OK apologies for the ranty title but this involved one my own, one of my children. Eeek. So like any good mummy blogger I am taking my stand and
ranting writing about it.
Now, it does of course involve the health visitor. I’m sensing the knowing nods from mum’s reading this. Now in the interest of fairness my health visitors have all, for the most part been lovely, kind, supportive, non-judgemental, softly spoken and mumsy all the qualities you look for in a health visitor. Until my most recent encounter anyway.
Toby recently celebrated his first birthday, well rather we did, I’m not sure he knew a great deal about it. But as such he was due his review, which brought the health visitor to our house. I have mentioned it before, and I’ll mention it again, Toby was born a little under-cooked at 2 months ahead of schedule. It’s an important piece of information to bear in mind.
Anyway those of you who have had a 10-14 month old, you will know that you are sent a some paper with a series of question to answer about things your little ones are or aren’t doing. You’re probably sensing that the review didn’t quite go the way I had hoped.
Toby, at one, is not yet crawling, or able to pull himself up on the furniture, bend over pick and stand again. This apparently meant he had a low score in the gross motor portion of the test and as such said health visitor has booked to come check on him in a few months. As someone not used to scoring low on tests this stung a little.
Now don’t get me wrong, I know it’s quite ridiculous to pitch another babies development against another with a score sheet. They are after all immensely different and develop and exceptionally different rates. I know that, when I am logical. However when I have my mum hat on I am somewhat short of logical. But it doesn’t end there, having spent 18 years living and growing up with a severally disabled brother, I know all too well that sometimes the worst really can happen.
Logically I know in my heart of hearts Toby is and will be fine. The impact of prematurity should not be under-estimated, especially those born before 34 weeks. This is the point babies lungs are considered fully developed and capable of working outside of mum. Toby didn’t reach 34 weeks. His lungs were not capable of working independently on birth. He needed drugs, machines and intubation tubes just to help him perform the basic function that is breathing. Babys’ suck swallow technique isn’t developed until circa 35 weeks, so feeding before this point is incredibly difficult. Another of life’s basics. So these babies have to spend the first 6, 7, 8 weeks of their life leaning these essential skills. A full term baby, is for the most part, smiling, holding their head, usually a bit more awake than the very early newborn days by this point. So it does stand to reason that these little preemie babies may well take a bit longer to hit milestones and attain targets their peers have passed. Consultants have advised it can take up to two years for the early birds to catch up.
Despite all this sensible coherent thought, over the week following my health visitors visit I found myself saying the following things:
- Well we have just been on a two week holiday in Menorca where we couldn’t put him down to practice because he’s not stable enough and he would inevitably hit is head on the stone floor. Had he been home he may well be crawling by now.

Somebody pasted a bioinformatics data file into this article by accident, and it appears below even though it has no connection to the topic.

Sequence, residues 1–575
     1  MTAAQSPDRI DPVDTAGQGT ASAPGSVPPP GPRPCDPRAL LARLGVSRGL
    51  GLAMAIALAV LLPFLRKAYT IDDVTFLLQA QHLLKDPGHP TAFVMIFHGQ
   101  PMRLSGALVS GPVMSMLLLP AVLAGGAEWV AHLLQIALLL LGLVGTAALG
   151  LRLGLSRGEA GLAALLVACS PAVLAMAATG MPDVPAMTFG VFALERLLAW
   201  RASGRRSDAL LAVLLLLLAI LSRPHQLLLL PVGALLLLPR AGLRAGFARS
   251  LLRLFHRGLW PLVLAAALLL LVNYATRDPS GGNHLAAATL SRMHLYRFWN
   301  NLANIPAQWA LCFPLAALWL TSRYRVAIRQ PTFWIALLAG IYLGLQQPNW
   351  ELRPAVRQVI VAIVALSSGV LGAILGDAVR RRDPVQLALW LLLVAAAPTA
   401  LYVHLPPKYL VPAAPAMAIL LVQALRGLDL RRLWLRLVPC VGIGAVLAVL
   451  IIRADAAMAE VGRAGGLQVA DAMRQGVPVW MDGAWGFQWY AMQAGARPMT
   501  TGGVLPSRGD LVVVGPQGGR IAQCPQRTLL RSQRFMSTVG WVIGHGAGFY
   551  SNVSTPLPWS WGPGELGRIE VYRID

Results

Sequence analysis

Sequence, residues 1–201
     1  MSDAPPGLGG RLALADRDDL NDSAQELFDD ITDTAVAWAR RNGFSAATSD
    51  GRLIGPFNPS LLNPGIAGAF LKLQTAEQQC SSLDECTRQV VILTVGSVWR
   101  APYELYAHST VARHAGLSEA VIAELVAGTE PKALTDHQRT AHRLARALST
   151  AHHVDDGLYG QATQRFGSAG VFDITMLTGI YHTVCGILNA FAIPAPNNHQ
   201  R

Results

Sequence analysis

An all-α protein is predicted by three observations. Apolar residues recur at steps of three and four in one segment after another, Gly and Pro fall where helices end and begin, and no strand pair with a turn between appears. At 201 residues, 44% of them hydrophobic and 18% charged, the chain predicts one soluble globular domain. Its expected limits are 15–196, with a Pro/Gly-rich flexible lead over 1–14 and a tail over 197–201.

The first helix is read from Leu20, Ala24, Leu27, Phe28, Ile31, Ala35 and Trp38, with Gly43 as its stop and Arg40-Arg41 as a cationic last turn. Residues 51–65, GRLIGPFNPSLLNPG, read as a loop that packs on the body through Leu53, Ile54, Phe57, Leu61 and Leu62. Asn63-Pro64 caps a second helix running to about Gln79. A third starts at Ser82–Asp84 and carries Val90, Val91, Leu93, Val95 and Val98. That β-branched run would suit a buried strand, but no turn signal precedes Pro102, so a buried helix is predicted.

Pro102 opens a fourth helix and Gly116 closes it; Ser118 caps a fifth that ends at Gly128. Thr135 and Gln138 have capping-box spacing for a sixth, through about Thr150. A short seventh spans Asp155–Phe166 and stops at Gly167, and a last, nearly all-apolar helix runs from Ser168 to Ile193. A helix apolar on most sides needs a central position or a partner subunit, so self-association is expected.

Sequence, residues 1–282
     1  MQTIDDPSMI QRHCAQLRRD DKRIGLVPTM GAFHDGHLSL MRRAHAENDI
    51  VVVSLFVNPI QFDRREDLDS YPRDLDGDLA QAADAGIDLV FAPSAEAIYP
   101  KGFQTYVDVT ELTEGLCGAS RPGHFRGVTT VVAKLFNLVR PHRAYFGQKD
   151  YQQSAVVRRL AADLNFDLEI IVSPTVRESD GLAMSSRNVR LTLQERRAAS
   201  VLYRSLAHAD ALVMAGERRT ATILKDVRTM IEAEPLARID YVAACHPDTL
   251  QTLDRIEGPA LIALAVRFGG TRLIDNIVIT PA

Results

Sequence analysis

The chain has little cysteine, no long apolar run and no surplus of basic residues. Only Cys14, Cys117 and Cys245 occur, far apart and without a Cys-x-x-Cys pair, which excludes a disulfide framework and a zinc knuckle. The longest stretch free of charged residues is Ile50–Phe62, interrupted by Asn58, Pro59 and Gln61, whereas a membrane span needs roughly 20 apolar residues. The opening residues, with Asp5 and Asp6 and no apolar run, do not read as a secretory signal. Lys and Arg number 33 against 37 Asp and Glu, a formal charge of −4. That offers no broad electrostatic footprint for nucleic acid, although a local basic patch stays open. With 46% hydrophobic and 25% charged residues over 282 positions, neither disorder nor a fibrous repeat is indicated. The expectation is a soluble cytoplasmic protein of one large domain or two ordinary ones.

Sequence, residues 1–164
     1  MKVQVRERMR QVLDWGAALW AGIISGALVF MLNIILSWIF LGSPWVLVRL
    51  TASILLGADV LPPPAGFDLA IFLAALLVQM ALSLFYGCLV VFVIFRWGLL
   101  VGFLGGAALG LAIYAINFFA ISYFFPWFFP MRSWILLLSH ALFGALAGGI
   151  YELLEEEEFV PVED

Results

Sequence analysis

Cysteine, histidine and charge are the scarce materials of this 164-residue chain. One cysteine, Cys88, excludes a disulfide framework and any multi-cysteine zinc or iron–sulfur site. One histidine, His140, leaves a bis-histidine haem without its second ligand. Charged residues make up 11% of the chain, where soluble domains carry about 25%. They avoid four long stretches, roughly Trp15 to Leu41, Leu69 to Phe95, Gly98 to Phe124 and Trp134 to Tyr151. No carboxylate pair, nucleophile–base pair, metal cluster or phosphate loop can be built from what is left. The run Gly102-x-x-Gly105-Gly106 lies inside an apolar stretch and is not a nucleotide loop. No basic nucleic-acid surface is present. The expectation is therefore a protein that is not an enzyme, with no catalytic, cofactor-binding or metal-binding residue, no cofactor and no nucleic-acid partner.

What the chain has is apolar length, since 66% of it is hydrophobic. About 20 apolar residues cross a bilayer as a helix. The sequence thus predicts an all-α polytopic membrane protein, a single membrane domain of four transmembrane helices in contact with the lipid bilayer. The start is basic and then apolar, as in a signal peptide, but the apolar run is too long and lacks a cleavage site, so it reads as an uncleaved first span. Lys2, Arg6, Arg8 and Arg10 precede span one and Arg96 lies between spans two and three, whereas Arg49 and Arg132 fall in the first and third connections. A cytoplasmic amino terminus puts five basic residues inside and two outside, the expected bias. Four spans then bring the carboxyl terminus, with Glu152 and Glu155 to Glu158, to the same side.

- Some babies don’t even crawl.
- Well he’s all there because he can say ‘Zara’ and when he drops things on the floor he says’Uh Oh’!
- Well she has only seen Toby for 10 minutes she can’t possibly say.
And then when I managed to get really riled:
- Well what the F**K does she know anyway?
I know what could this trained health professional with decades of experience possible know about babies? Not one of my finer arguments I admit. Not one I would recommend one of my client’s use in the courtroom, but there I was taking Toby’s ‘low score’ out on my health visitor. I told you, mum hat is illogical.
I must say though the health visitor didn’t help her uncontrollable fate by uttering the words to me ‘I feel sorry for you because this is your lot in life now’. Yes those were her actual words. This.is.your.lot.in.life. It’s been lingering round my head like a bad smell all week. Fortunately I have, mostly, taken it with the proverbial pinch of salt but I would be lying if I said I was unaffected by it. What did she mean? My life is over? This is as good as it gets? You’re mum now kiss goodbye to ambition, fun the future? I also did wonder, what if she had said this to someone a little more vulnerable or someone struggling or battling with PND how might they have felt? I don’t believe she meant it to be hurtful or vindictive but let’s be honest, it is not exactly encouraging is it?
Anyway I digress, I do believe Health Visitors perform an incredibly important even essential role for mums everywhere they are caring, knowledge and intelligent people. Further it is by no means any fault of my health visitor that Toby is not crawling. She was simply doing her job, well. My problem is exactly that, my problem. A personal hurdle I need to clamber over. I am his mum I worry about him (and his sister) every day and believe I will until my last breath. However I would suggest uttering those illusive words, ‘this is your lot in life’ is probably never, in any circumstances, the right thing to say.